(= extremely) cold, hot, disappointed, irritated, difficultäußerst; intensely flavouredintensiv gewürzt; an intensely competitive businesseine Branche mit äußerst scharfer Konkurrenz; I dislike it intenselyich kann es absolut nicht ausstehen
(= with strong emotion, hard) feel, live, stare, work, studyintensiv; he spoke so intensely that none could doubt his sincerityer sprach mit einer solchen Intensität, dass niemand an seiner Aufrichtigkeit zweifeln konnte

intensely

[ɪnˈtɛnslɪ] adv (difficult, hot, cold) → estremamente; (moved) → profondamente

intense

(inˈtens) adjective
very great. intense heat; intense hatred.
inˈtensely adverb
very much. I dislike that sort of behaviour intensely.
inˈtenseness noun
inˈtensity noun
the quality of being intense. the intensity of the heat.
inˈtensive (-siv) adjective
very great; showing or having great care etc. The police began an intensive search for the murderer; The hospital has just opened a new intensive care unit.
inˈtensively adverb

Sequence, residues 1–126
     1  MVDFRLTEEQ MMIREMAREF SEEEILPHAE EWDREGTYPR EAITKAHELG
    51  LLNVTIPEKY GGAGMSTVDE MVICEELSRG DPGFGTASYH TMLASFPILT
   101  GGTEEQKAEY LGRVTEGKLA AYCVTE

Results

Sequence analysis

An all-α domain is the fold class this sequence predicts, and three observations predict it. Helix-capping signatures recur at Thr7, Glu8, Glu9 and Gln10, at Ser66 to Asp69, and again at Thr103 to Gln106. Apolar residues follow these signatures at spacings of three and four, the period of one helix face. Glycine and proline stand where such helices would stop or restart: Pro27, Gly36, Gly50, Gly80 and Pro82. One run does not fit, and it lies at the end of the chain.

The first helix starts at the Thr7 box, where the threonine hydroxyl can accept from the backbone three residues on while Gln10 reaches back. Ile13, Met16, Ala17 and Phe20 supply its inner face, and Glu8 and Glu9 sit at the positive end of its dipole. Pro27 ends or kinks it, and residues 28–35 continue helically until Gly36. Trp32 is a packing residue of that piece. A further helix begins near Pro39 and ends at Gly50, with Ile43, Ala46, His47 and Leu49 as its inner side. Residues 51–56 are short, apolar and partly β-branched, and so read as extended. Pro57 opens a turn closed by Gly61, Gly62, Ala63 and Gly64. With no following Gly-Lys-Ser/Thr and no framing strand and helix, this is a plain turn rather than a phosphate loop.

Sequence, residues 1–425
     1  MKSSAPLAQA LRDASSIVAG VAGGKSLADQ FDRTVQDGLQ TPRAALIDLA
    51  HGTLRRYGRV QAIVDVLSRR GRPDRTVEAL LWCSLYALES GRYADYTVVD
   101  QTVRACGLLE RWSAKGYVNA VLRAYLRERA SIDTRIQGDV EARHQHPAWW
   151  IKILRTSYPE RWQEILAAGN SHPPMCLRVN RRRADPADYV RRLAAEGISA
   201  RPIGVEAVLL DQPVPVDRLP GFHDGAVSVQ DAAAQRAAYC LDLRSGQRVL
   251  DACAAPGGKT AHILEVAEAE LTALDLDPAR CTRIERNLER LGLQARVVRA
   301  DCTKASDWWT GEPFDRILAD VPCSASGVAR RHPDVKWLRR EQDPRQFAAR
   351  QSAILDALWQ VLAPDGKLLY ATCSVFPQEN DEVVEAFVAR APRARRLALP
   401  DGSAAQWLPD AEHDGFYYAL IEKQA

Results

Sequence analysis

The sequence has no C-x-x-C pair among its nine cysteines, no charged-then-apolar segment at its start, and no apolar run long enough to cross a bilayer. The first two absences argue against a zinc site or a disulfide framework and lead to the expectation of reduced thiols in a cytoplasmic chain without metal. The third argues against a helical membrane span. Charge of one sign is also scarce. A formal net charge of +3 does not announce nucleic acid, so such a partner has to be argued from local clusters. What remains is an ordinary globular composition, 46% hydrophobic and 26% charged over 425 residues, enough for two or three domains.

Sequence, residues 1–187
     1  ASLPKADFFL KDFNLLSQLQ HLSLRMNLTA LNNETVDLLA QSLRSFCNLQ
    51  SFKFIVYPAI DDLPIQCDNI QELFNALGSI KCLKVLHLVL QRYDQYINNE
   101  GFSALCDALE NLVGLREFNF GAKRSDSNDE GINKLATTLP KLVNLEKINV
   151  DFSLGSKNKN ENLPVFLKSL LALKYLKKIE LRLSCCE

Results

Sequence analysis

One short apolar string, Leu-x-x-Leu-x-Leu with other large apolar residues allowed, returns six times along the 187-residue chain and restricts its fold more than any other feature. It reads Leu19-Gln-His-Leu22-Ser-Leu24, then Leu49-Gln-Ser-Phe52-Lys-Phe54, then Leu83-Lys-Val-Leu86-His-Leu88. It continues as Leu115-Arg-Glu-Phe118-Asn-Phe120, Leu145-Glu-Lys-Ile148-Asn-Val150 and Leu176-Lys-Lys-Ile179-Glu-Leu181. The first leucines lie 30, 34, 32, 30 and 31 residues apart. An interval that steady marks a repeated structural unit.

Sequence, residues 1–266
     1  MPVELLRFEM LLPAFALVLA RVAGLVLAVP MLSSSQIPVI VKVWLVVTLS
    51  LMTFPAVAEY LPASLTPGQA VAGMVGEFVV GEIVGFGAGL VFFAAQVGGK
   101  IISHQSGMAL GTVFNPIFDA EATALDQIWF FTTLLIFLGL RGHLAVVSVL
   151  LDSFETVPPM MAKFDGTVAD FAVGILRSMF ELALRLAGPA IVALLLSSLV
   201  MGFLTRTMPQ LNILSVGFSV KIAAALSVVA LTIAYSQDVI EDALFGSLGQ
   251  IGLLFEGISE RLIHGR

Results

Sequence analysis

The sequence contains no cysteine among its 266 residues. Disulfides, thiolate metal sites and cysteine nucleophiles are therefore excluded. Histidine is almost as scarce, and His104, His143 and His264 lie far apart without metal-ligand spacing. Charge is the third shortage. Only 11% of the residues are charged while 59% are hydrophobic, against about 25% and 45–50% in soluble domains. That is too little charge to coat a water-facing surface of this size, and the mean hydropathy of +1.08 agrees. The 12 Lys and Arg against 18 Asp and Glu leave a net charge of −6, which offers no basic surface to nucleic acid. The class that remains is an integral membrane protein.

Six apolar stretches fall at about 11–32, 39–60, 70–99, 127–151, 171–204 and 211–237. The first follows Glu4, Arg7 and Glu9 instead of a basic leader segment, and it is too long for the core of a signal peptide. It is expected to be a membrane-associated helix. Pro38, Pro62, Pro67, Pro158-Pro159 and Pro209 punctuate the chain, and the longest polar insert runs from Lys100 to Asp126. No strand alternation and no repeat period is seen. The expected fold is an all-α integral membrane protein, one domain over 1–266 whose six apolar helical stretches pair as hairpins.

inˈtensiveness noun
References in classic literature ?
The knight wished intensely that he could free them, but he was poor and could only go by each day, watching for the sweet face and longing to see it out in the sunshine.
One shudders at the thought of the meaninglessness of life while at the same in- stant, and if the people of the town are his people, one loves life so intensely that tears come into the eyes.
Then lowering the dangerous muzzle he stretched forward his long neck, as if to assist a scrutiny that was already intensely keen.
This strange act was perfectly understood by the group, who knew that in that intensely dry heat the danger of exposure was lessened by active exercise and the profuse perspiration that followed it.